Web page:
During the first round right through to the quarter finals the cup is hosted at the stadium of the team who has been drawn at home. The semi finals are hosted at neutral venues so there is no advantage for the home team. The final is played at Wembley traditionally and was first played there in 1928–29 season. Before the final had been held in Leeds, Huddersfield, Manchester, Wigan, Salford and Rochdale. The first Challenge Cup final was held at Headingley Stadium in Leeds between Batley Bulldogs and St Helens RLFC in front of a crowd of 13,492. It has been played at many different neutral venues before Wembley became the permanent venue for the final. In the event of a draw in the final a replay will be played at a neutral venue somewhere else.


File:NRFU Challenge Cup.jpg
NRFU Challenge Cup first presented 1896–97

The Challenge Cup trophy was designed by silversmiths Fattorini & Sons of Bradford in 1897.[4] The trophy stood 36 inches high manufactured of solid silver and stood on a black ebony base approximately 8 inches deep.

Tony Collins, the Rugby Football League's archivist, stated in 2007 that, "Fattorini's weren't given any particular commission, just told to come up with something prestigious".[4] The trophy cost £60.[4] The average wage in 1897 was around £2 per week which suggests an equivalent 2007 price of £16,000, although Collins says, "if you wanted something made of silver and with that level of craftsmanship these days, it would be far more expensive. In terms of its subsequent value, the RFL got a bargain."[4]

The trophy currently presented to the winners after the final is not the original which had to be withdrawn due to its delicate condition.[4] As well as the silver wearing thin, it had lost its fluted top and the players on each of the handles had been damaged.[4] The original Fattorini trophy was last presented at the 2001 Challenge Cup Final to St Helens captain Chris Joynt after his team had beaten Bradford.[8] The original trophy is now stored at the RFL's headquarters at Red Hall and only used for promotional appearances.[4]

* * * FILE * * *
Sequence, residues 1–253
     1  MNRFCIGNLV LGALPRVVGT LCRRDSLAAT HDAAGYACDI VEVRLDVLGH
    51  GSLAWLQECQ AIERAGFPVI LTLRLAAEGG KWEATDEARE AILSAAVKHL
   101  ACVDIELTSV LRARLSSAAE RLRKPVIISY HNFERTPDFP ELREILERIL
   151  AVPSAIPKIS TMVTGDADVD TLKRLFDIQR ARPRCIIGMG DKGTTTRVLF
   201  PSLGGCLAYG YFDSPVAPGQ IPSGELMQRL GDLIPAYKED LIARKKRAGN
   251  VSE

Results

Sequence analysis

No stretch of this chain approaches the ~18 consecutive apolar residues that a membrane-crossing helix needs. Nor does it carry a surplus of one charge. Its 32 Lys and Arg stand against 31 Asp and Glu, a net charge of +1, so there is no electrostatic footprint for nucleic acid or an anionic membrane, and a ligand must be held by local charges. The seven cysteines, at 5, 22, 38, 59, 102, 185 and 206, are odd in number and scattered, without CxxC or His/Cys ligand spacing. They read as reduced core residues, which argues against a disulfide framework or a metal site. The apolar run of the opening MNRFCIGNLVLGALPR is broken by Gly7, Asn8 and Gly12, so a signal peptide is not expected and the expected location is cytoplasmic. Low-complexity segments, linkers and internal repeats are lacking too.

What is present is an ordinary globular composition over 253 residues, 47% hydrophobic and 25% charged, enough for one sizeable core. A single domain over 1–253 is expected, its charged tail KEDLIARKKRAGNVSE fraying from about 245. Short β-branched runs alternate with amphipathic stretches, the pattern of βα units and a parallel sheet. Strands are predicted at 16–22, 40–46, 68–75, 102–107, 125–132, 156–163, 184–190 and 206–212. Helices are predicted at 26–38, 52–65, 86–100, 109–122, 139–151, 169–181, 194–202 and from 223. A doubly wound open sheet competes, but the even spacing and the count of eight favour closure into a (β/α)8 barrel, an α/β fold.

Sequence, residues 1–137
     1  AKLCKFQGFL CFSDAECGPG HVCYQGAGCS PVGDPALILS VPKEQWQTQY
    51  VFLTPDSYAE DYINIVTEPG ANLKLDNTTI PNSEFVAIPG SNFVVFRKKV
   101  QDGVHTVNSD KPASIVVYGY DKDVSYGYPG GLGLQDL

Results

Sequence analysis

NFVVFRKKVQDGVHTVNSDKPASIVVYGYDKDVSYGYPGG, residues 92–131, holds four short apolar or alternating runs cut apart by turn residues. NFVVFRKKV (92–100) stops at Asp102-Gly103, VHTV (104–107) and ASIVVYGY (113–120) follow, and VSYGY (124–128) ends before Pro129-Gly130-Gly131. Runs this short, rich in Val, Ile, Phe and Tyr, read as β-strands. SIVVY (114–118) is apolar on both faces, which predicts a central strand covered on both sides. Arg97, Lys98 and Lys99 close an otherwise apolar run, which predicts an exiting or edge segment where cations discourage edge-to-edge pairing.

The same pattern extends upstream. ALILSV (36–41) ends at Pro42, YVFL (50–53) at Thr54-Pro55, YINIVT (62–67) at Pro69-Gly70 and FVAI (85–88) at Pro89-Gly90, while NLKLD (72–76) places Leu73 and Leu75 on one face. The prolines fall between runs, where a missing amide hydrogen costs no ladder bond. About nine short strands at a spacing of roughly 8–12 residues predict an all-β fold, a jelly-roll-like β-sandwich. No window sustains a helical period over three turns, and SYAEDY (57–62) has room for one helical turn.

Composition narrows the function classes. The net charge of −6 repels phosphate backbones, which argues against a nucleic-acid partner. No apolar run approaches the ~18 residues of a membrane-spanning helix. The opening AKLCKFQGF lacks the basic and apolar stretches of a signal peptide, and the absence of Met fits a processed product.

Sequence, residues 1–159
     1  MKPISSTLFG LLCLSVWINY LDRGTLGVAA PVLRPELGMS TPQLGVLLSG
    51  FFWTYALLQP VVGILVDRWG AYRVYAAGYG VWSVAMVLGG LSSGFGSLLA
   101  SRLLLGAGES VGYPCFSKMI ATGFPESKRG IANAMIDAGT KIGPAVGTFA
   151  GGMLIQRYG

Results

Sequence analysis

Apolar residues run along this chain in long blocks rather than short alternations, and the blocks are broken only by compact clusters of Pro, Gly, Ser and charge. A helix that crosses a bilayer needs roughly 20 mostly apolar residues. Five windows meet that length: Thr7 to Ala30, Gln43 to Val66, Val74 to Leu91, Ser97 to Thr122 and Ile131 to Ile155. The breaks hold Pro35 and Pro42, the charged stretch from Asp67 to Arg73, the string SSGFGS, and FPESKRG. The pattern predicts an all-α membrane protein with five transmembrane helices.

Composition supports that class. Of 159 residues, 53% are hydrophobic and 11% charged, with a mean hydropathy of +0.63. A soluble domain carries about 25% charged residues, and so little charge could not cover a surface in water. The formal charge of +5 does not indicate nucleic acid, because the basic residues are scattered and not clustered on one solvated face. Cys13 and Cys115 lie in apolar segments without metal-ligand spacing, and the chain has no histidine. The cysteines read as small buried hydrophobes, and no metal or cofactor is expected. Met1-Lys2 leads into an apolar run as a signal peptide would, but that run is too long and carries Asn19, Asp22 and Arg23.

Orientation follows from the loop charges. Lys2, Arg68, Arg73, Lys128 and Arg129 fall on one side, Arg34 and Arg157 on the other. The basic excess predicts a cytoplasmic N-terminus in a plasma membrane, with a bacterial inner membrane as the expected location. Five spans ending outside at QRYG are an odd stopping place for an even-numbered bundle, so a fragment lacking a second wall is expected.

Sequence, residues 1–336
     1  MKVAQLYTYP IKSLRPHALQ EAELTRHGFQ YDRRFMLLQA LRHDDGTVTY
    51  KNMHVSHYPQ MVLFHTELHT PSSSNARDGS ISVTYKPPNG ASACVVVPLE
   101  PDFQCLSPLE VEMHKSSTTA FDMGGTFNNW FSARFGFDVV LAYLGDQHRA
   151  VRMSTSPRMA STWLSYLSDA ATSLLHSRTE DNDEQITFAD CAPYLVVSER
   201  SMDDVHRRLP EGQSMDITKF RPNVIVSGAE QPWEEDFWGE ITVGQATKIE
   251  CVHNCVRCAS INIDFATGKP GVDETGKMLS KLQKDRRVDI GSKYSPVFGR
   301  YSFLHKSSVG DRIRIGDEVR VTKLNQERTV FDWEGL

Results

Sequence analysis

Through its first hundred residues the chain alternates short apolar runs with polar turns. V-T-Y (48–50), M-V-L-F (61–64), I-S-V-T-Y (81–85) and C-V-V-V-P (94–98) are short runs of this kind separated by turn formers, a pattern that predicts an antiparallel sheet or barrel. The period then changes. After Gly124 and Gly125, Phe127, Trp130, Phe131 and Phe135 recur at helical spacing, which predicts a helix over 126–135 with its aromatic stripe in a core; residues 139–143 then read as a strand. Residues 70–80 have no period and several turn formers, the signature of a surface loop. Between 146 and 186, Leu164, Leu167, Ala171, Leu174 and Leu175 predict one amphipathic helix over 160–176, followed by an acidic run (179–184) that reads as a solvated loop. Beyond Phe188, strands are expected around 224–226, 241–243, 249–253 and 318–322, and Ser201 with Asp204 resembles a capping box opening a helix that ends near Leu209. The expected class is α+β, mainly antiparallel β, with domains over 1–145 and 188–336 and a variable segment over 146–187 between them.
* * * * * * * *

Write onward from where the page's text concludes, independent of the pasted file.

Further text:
The trophy used today was created by Jack Spencer (goldsmith) of Sheffield in 800 man-hours and is an almost exact replica of the Fattorini piece.[4][8] One improvement made with the new version is that the small shields displaying each winning team and captain are now the same size, whereas they had been getting smaller as space ran out on the original.[4] The new trophy's neck has been strengthened.[8] The second trophy was first presented to Wigan, winners of the 2002 Challenge Cup Final.[8]

The winners of the cup in looking after the trophy must "follow a certain code of practice," says Collins.[4] When not in a secure cabinet, the trophy must always be in the presence of someone.[4] When the trophy is taken out overnight, somebody must sleep in the same room and if taken in a car there must be two people in attendance.[4] Collins reveals that, "When it went down to France for some Catalans publicity photos, it even had its own seat on the plane."[4]


The Lance Todd Trophy, named in memory of Lance Todd, is awarded to the man-of-the-match in the Challenge Cup Final.[9] The winner is decided each year by those members of the Rugby League Writers' Association present at the match.[9]

The Trophy was first presented in 1946 to William "Billy" Stott of Wakefield Trinity.[9][10]


The Challenge Cup has been sponsored since 1980, with the sponsor being able to determine the cup's sponsorship name. There have been six sponsors.

Period Sponsor Name
1980-1985 State Express State Express Challenge Cup
1985-2001 Silk Cut Silk Cut Challenge Cup
2002-2003 Kellogg's Nutrigrain Kellogg's Nutrigrain Challenge Cup
2004-2007 Powergen Powergen Challenge Cup